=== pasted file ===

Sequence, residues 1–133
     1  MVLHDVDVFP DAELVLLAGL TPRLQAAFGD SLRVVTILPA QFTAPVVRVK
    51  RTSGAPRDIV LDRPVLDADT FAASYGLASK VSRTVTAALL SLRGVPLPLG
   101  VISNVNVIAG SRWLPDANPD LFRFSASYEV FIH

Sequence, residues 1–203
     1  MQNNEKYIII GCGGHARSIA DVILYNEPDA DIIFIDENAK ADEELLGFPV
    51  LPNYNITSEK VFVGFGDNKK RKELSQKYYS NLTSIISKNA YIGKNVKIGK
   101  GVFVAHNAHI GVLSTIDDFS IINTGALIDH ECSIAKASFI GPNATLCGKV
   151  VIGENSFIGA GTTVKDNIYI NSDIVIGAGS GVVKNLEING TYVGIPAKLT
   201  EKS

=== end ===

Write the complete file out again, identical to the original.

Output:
Sequence, residues 1–133
     1  MVLHDVDVFP DAELVLLAGL TPRLQAAFGD SLRVVTILPA QFTAPVVRVK
    51  RTSGAPRDIV LDRPVLDADT FAASYGLASK VSRTVTAALL SLRGVPLPLG
   101  VISNVNVIAG SRWLPDANPD LFRFSASYEV FIH

Sequence, residues 1–203
     1  MQNNEKYIII GCGGHARSIA DVILYNEPDA DIIFIDENAK ADEELLGFPV
    51  LPNYNITSEK VFVGFGDNKK RKELSQKYYS NLTSIISKNA YIGKNVKIGK
   101  GVFVAHNAHI GVLSTIDDFS IINTGALIDH ECSIAKASFI GPNATLCGKV
   151  VIGENSFIGA GTTVKDNIYI NSDIVIGAGS GVVKNLEING TYVGIPAKLT
   201  EKS